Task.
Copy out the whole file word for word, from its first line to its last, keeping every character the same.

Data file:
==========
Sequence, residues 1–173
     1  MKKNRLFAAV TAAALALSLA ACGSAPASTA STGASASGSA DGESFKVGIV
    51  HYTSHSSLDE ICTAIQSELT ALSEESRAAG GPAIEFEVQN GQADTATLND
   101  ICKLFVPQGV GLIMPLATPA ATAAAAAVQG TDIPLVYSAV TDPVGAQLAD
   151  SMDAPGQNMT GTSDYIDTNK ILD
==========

Sequence, residues 1–173
     1  MKKNRLFAAV TAAALALSLA ACGSAPASTA STGASASGSA DGESFKVGIV
    51  HYTSHSSLDE ICTAIQSELT ALSEESRAAG GPAIEFEVQN GQADTATLND
   101  ICKLFVPQGV GLIMPLATPA ATAAAAAVQG TDIPLVYSAV TDPVGAQLAD
   151  SMDAPGQNMT GTSDYIDTNK ILD